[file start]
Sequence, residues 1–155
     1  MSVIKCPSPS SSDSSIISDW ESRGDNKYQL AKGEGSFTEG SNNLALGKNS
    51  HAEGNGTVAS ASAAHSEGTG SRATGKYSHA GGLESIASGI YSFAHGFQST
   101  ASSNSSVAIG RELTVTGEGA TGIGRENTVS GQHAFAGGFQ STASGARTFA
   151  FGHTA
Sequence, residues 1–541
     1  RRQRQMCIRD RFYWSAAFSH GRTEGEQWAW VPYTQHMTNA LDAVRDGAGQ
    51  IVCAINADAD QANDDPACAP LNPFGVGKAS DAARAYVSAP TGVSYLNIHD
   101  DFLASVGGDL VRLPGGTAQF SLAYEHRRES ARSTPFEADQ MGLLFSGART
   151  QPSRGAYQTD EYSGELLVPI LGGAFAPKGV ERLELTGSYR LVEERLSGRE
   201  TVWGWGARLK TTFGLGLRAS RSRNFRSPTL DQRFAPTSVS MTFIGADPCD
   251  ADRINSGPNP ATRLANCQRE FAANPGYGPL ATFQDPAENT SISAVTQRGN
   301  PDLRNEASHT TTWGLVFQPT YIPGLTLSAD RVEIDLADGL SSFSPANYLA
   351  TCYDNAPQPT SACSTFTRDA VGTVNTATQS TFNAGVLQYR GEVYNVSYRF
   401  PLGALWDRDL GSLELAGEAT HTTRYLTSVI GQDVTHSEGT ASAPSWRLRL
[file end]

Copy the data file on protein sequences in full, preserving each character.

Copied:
Sequence, residues 1–155
     1  MSVIKCPSPS SSDSSIISDW ESRGDNKYQL AKGEGSFTEG SNNLALGKNS
    51  HAEGNGTVAS ASAAHSEGTG SRATGKYSHA GGLESIASGI YSFAHGFQST
   101  ASSNSSVAIG RELTVTGEGA TGIGRENTVS GQHAFAGGFQ STASGARTFA
   151  FGHTA
Sequence, residues 1–541
     1  RRQRQMCIRD RFYWSAAFSH GRTEGEQWAW VPYTQHMTNA LDAVRDGAGQ
    51  IVCAINADAD QANDDPACAP LNPFGVGKAS DAARAYVSAP TGVSYLNIHD
   101  DFLASVGGDL VRLPGGTAQF SLAYEHRRES ARSTPFEADQ MGLLFSGART
   151  QPSRGAYQTD EYSGELLVPI LGGAFAPKGV ERLELTGSYR LVEERLSGRE
   201  TVWGWGARLK TTFGLGLRAS RSRNFRSPTL DQRFAPTSVS MTFIGADPCD
   251  ADRINSGPNP ATRLANCQRE FAANPGYGPL ATFQDPAENT SISAVTQRGN
   301  PDLRNEASHT TTWGLVFQPT YIPGLTLSAD RVEIDLADGL SSFSPANYLA
   351  TCYDNAPQPT SACSTFTRDA VGTVNTATQS TFNAGVLQYR GEVYNVSYRF
   401  PLGALWDRDL GSLELAGEAT HTTRYLTSVI GQDVTHSEGT ASAPSWRLRL